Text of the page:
By Chris Saxman
Updated post from 2016.
Twenty-six and a half years ago, Michele and I placed an ad in our local paper looking for child care for our then newborn who married into the Marine Corps in late December.
The next day a lady named Margaret Johnson called inquiring about the position. Before I could answer, Ms. Johnson said, “There won’t be a color issue.”
“Well, I’m black”
“Ok. I’m not.”
“I know. I just want to get that cleared up. And everyone calls me Granny.”
Granny and her family have been a part of our family ever since. She’s helped us raise our four children and we’ve helped out with her granddaughters.
Whenever racial strife has reared its ugly head in our country (and please do not call Granny African-American. She only acknowledges being American), Granny tells Michele, “Daughter, do not engage in conversations about color. It does not exist in Heaven and it’s a weapon of the adversary.”
Motivational speaker Zig Ziglar says “the first step to solving a problem is to recognize that it does exist.” So, while racial problems do not exist in Heaven, they do exist here.
Since problems do not solve themselves, our nation must recognize that in order to solve our racial problems we have to “recognize that it does exist.”
In fact, it has existed since our very first days.
It is a self-evident truth.
Our family witnessed this truth first hand as we housed, fed, clothed, and loved so many close friends of our children, many of whom are black.
We experienced some hard truths that frankly shocked us.
We could do chapter and verse, but for now, just trust me on this one, the racial divide in this country is massive and growing; however, it can be solved.
My seventh grade P.E. teacher at Shelburne, Hunter Talbot, taught me one exceptionally important lesson, “Can’t is un American.”
America can do this.
The question from here is do we really want to solve this problem? Recent history suggests that many people want to but our leaders seem incapable of addressing it.
That’s not their fault, that’s our fault. Remember, they represent us. If we want them to be better representatives, we have to be better people.
We have to let them know that we are willing to endure dealing with this highly complex issue.
We also have to consciously acknowledge that this is going to take a long time. There are no apps, pills, switches, or websites on dealing with all of this. This is going to take a lot of work. Hard work.
And fun work, we can make it fun. We’re a pretty creative people after all.
There can also be no blame, shame, regret, or fear. We should embrace this is as the American Opportunity of the 21st Century. Imagine this awesome nation finally integrating our pasts to create our future. It might happen in my lifetime, but probably not.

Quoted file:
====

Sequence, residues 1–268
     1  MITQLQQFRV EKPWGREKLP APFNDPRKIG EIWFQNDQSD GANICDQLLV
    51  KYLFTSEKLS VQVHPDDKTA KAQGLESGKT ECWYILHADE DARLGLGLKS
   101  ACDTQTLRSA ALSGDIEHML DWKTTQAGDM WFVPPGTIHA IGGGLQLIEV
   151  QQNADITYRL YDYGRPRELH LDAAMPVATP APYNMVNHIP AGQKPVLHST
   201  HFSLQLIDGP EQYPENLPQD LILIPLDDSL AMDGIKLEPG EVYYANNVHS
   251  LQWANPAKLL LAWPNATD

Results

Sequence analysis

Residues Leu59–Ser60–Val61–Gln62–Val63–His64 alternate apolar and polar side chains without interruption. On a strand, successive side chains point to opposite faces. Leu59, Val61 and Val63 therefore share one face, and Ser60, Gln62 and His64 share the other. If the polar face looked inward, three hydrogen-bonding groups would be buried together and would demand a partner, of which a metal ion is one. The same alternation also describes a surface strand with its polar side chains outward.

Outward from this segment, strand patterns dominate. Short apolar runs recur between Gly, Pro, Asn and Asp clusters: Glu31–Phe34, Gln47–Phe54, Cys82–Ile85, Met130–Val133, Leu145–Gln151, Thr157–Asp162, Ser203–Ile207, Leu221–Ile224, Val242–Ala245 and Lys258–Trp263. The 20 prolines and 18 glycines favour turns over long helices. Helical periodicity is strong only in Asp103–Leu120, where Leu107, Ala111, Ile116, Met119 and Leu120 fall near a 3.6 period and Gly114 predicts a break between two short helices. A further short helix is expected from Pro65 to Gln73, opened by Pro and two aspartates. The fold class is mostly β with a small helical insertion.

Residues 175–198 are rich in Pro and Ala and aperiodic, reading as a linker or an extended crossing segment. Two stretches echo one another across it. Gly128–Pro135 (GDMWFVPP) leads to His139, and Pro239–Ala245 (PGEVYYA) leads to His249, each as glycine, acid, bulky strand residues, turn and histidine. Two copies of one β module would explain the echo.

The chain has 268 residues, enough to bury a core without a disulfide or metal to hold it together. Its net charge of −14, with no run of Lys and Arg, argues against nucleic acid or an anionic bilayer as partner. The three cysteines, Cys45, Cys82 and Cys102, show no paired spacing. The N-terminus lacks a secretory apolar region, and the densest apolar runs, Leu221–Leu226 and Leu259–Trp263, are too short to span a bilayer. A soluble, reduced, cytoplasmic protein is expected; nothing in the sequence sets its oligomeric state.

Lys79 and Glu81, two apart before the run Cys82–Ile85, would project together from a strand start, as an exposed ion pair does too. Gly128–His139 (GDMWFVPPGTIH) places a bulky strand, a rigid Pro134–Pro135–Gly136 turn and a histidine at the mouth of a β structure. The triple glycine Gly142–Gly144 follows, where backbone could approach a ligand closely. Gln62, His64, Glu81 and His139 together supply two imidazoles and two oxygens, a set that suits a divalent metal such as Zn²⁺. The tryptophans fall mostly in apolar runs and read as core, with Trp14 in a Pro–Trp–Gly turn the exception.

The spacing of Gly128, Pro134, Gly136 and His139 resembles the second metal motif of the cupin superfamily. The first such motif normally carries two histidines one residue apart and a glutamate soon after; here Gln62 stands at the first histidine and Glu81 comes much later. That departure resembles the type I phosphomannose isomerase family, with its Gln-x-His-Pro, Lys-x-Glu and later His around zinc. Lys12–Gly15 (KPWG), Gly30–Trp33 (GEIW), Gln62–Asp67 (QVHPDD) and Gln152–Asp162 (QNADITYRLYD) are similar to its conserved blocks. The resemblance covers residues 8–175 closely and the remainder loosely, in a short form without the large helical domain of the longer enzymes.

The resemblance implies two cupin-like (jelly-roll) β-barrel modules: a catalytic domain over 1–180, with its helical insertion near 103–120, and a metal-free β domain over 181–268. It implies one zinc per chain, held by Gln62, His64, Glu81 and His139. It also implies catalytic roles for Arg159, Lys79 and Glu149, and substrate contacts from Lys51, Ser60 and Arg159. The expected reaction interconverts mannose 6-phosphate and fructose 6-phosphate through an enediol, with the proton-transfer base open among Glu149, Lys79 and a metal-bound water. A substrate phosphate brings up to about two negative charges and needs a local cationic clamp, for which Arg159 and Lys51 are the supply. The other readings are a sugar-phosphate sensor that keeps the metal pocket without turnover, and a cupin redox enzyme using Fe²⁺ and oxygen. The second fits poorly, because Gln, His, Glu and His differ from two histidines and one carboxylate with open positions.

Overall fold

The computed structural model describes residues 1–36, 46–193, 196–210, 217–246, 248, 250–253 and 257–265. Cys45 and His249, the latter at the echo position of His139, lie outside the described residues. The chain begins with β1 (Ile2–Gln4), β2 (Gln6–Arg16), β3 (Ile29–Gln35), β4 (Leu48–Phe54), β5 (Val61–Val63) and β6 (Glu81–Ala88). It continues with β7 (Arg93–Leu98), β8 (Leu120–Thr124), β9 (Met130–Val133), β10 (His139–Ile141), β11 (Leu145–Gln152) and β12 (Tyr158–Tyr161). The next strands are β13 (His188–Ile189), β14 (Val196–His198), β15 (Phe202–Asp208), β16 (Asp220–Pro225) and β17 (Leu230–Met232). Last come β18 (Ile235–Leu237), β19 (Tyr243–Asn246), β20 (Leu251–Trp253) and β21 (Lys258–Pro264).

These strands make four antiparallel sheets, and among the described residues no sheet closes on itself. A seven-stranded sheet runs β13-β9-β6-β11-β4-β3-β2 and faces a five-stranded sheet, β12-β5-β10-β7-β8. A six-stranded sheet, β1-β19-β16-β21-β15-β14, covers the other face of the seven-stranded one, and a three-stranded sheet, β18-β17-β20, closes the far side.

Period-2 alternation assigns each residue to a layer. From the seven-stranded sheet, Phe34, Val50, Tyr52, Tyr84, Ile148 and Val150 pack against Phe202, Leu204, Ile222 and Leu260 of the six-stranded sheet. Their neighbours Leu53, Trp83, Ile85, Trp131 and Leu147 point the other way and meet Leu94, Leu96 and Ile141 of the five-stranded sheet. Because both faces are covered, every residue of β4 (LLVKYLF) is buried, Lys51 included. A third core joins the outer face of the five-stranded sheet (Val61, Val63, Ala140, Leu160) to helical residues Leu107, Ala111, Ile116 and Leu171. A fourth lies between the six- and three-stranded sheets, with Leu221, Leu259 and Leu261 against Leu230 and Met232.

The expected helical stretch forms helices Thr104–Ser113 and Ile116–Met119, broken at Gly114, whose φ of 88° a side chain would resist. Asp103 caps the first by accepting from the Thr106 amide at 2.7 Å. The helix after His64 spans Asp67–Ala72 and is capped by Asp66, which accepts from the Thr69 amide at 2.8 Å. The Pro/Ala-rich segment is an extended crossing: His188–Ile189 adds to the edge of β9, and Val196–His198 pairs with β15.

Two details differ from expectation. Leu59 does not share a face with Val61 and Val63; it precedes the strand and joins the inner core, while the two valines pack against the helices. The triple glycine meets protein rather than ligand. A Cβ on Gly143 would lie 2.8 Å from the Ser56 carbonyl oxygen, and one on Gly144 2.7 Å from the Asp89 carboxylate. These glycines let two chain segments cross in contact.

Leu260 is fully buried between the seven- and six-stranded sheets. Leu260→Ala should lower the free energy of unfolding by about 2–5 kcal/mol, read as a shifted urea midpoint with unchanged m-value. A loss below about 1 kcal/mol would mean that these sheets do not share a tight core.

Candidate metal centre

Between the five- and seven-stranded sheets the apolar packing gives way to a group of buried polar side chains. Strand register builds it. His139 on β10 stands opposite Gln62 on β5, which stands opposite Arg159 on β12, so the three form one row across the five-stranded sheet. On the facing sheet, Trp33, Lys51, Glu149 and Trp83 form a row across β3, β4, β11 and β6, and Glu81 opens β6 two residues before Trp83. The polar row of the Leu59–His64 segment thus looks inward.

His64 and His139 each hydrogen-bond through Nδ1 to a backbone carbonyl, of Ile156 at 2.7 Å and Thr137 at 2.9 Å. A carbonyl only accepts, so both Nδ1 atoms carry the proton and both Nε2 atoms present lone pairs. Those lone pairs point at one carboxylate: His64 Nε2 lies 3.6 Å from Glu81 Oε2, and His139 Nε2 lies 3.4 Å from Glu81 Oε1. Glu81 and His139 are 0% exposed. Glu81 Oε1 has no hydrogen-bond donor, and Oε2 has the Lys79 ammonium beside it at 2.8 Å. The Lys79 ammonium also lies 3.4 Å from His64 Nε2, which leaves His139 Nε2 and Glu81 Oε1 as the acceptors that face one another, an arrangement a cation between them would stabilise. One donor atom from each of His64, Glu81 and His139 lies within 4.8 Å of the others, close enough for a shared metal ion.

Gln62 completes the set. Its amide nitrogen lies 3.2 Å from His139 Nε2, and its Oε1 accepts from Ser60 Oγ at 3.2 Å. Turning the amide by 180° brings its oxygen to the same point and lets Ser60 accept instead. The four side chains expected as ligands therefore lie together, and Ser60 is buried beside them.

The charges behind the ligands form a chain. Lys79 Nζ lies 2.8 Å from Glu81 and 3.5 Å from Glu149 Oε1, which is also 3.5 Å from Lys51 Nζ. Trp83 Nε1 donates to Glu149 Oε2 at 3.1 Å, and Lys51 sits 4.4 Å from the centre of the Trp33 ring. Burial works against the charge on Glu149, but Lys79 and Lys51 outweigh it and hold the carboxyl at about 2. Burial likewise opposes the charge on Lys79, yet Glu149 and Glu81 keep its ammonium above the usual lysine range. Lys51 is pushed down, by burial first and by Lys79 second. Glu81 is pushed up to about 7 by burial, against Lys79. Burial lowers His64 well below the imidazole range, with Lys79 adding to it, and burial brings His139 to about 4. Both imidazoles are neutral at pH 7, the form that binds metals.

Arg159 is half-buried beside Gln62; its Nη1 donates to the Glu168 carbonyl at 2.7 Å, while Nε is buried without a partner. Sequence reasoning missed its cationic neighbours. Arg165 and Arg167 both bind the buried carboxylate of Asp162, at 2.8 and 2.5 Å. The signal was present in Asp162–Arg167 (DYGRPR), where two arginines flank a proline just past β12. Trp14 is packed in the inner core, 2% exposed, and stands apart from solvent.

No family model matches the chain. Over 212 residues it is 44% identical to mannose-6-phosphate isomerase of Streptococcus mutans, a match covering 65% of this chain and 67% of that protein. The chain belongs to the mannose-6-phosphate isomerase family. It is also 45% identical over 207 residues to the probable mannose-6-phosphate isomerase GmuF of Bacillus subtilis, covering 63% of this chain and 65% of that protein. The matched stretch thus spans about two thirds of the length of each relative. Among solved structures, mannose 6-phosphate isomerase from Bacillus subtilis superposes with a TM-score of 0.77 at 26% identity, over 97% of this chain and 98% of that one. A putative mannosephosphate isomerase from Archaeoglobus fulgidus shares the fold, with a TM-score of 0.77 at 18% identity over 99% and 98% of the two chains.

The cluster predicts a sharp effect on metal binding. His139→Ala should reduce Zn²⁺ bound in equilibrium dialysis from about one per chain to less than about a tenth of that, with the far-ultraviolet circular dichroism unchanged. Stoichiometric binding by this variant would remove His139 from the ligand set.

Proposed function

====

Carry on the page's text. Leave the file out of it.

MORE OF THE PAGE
Hopefully, my children’s lifetime. More likely, however, their children’s.
Here are two tangible things we should do to begin this process:
Have an annual national day of prayer and reconciliation on September 22nd. Yes, a holiday.
This was the date in 1862 on which President Abraham Lincoln announced the Emancipation Proclamation would take effect on January 1st of the following year. This date also places the issue right in the middle of the election cycle – where it should be. A day to pray, reflect, and reconcile our incredible history as a people and as a nation. We need a day dedicated to understanding who we are, why we are here, what has impacted our history (shared and individual), how we can learn from that past, and how we choose to leave this nation to our children.
America also needs a National Center of Reconciliation and Freedom. A permanent place so that people, organizations, companies, families, and leaders can gather to openly, rationally discuss how to solve our issues. I suggest Fort Monroe here in Virginia. Not only was it the first site on which enslaved Africans landed in 1619, it was the exact same place 242 years later where enslaved Africans were protected by the Union Army following secession. Same place!
It’s not only historically significant, but it is physically and logistically able to house such a center. The General Assembly recently funded $5.25 million for Fort Monroe’s Visitor Center.
Two real solutions. One annual national day of reconciliation and one place to actively reconcile year round.
If we are to address this opportunity of racial reconciliation, we must do so with intentional focus and love. It will not go away on its own; in fact, it will continue to grow and further divide us.
Overcoming this racial division will be one of our nation’s greatest assets; currently it’s one of our greatest liabilities.
It’s holding too many of us back from realizing true freedom.
Chris Saxman represented the 20th District in the Virginia House of Delegates from 2002-10. A businessman and active member of the community, he is Executive Director of Virginia FREE, a non-partisan, non-profit that informs the business community in order to advance free enterprise and responsible, pro-business government. He and his wife Michele live in Richmond.